Because of the initial worries over the wind taking the heat from the Z-liners we brought some Reflectix that we used beforehand as a back-up. After all, the temps were to hit the upper 30's with rain. This is what we had been using before though they tended to bunch up, slide, and kick sideways out from under the legs. In this trip we kept them in the storage area just in case we had to grab them. I'm happy to say that even when the temps hit their bottoms we never remotely needed them. Z-liner was doing it's job nicely!


A couple Sea To Summit Aeros pillows are a perfect match for the hammocks. Inflate 'em up when you want to lay back and read as Becky's doing, then just tap the adjustment to air them down a bit for snuggled in sleeping. They weigh next to nothing, don't make any noise, pack up super easy and small, etc. I must have tried 20+ pillow combinations before taking a chance on one of these and the next day she went out and bought one. They are that good.


Thus concludes Day 1 at Judge Branch.




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Day 2, Panther Creek camp site at Frozen Head State Park, Wartburg, TN:

The weather was to be very warm but with forecasts of short moderate to heavy rain at times. We geared for it and had the warmth and you could see and even smell the rain all around you but it never once came. Owls? Yes. Mosquitos, gnats, no-seeums? Yep, yep, and my far too much yep, but no rain.

There is a nice sheltered rest bench at the camp site. It was the perfect place to set the backpacks while setting up in case the storm that was threatening actually hit or would give a few people good refuge if they were caught out on the trail.

Sitting on top of the bags are our mascots, Gloopy and Glip, Snail Adventurer's Extraordinaire! (Seriously, these two snails have gone more places and done more things than most people)


Warm weather and potential rains meant setting up the tarp a bit differently. This was very breezy and high enough not to have to do more than a quick duck under the edges.



Becky dropping her bag in before she puts her Z-liner on.




This might give you some idea of just how big the Vertex is an dhow much storage space the center has. While it looks like the sleeping area gets squished it only does that when it's empty. I've never felt like it was trying to cover me or enclose me.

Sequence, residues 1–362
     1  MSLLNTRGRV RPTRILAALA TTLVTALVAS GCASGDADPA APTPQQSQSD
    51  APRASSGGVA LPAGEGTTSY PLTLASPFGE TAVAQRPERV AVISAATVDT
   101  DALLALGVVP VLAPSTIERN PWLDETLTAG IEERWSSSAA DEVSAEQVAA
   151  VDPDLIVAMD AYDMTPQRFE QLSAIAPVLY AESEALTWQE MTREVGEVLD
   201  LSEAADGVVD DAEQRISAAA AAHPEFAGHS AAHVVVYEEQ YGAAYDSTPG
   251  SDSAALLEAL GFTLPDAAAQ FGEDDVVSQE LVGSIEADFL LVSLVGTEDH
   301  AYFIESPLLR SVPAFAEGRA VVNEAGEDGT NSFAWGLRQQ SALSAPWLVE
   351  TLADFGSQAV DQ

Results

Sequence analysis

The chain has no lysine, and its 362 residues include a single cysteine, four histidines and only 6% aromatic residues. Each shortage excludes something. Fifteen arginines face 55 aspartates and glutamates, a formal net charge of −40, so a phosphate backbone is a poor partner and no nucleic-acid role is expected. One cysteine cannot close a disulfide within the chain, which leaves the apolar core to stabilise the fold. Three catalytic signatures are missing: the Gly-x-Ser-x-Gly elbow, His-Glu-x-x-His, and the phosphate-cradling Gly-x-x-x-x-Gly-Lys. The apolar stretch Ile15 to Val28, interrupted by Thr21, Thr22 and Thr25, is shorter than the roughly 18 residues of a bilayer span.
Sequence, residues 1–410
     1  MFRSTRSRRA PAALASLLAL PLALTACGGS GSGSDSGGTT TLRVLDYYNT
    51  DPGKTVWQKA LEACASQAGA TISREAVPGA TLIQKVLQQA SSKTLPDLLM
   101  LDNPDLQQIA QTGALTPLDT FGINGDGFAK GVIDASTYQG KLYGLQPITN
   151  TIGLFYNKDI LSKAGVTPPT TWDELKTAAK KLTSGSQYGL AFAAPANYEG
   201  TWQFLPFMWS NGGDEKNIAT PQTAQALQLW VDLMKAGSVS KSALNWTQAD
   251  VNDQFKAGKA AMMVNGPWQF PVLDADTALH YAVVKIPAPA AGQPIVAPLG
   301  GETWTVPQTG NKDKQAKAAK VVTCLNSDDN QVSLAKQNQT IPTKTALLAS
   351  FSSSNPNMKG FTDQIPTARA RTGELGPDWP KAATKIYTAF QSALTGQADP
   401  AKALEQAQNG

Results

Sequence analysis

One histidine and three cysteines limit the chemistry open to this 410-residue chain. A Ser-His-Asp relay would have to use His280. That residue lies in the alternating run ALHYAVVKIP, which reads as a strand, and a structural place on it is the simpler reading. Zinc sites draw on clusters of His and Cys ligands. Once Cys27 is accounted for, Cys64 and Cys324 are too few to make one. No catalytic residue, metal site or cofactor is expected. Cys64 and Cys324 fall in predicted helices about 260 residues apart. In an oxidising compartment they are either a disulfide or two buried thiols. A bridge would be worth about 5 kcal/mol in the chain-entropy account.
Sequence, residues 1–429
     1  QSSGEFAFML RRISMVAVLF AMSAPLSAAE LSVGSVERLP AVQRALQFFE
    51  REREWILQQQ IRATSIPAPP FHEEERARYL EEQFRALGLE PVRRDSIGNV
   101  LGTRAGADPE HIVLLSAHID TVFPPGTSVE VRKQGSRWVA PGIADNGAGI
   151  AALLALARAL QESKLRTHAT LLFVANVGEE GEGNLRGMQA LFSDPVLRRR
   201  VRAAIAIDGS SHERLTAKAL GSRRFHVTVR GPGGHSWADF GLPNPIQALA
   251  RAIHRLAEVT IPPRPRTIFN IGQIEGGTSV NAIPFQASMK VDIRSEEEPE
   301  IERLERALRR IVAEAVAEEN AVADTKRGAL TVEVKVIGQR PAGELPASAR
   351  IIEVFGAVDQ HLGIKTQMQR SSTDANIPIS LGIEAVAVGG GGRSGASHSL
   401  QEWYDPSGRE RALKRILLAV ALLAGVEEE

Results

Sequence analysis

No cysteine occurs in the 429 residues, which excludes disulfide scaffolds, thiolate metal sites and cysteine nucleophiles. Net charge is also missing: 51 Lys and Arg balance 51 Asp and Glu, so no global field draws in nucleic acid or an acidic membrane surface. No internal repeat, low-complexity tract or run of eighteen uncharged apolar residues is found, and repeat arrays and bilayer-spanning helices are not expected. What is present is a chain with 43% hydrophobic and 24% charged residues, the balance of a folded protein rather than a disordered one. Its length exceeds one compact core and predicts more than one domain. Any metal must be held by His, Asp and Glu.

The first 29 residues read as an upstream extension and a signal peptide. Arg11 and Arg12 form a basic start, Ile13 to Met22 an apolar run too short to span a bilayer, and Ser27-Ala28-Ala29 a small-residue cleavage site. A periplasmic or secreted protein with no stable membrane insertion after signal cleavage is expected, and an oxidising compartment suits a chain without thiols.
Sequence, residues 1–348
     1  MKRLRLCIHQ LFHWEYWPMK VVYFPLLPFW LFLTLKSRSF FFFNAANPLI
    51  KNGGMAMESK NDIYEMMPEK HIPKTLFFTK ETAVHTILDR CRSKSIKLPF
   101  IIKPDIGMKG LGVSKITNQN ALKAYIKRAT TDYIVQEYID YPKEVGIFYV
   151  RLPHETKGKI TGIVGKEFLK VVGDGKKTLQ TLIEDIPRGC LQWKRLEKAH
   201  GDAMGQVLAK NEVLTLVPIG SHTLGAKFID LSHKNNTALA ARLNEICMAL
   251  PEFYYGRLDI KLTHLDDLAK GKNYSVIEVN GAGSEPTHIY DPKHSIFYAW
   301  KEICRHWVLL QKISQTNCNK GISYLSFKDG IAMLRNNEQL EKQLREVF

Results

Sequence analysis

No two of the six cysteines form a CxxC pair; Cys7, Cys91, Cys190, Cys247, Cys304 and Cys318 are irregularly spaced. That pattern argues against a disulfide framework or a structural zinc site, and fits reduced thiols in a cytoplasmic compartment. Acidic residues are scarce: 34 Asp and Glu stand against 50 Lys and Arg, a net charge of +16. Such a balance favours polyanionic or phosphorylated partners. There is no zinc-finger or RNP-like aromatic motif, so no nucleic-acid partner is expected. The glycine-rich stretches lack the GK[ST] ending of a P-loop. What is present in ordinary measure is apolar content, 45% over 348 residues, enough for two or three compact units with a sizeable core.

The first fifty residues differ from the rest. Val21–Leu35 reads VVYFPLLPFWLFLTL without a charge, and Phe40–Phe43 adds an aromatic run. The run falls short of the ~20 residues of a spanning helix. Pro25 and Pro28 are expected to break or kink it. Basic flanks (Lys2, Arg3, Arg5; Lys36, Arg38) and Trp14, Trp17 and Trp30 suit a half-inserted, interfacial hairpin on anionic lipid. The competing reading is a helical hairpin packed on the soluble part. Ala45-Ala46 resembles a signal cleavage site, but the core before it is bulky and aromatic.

The bulk of that trip was spent exploring around the area and will be set up as another review on it's own. There were a lot of fun waterfall explorations, some trail hikes, etc.

Hiking back out (and the belts make us look pregnant.. we aren't! I swear it! Okay, I might be, but she's not)


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Day 3, Judge Branch again:

Weather was to be crystal clear (and it didn't disappoint!) with temps in the thirties (again, didn't disappoint). Stargazing kind of weather! We came back to Judge Branch as it was just a great overall site and a quick hike. We also didn't even get to leave the house until after 1ish so having the place around half an hour away is a real bonus.

Setting her up in stargazing mode: The weathershield (top green layer) simply tucks into the big pouch above your feet when you run the zippers to one side. The mosquito net does the same.


With no rain forecast we set the backpacks in the chairs next to the hammock where we could simply pull the straws from the hydration packs in when we wanted a drink.


Becky wanted to try out her new Grand Trunks bugnet (I got one, she liked it, she got one) with her Ticket To the Moon double. With all the myriad of mosquitoes, flies, etc. that were starting to come out when we got there it worked great! Enough that her quick test turned into a nice book then a bit of a nap.


She prefers to sleep Banana style (no comments from the Minion's) while I easily went into a flat diagonal without ever even noticing the bug net. That was perfect for us and should be about the same for my 2 TTTM single's.


Back to the Vertex we're in Stargazing Mode:



The night was very cool and clear to start with and at some point around 1am the the temps plummeted. That simply meant sitting up enough to draw the weathershield over us to keep in the heat that was escaping (only the faces were cold) and the rest of the night was more comfortable than a hotel room. :)


I have been very happy with the Vertex ever since I got it. At first we took a regular tent with us as a back-up in case we couldn't find any trees. There were only two times that ever happened in the last dozen-plus trips and those were places we expected it. Now we don't bother as there are so many options out there it's not even a challenge. This is in East TN where trees and forests and such are pretty much the norm though.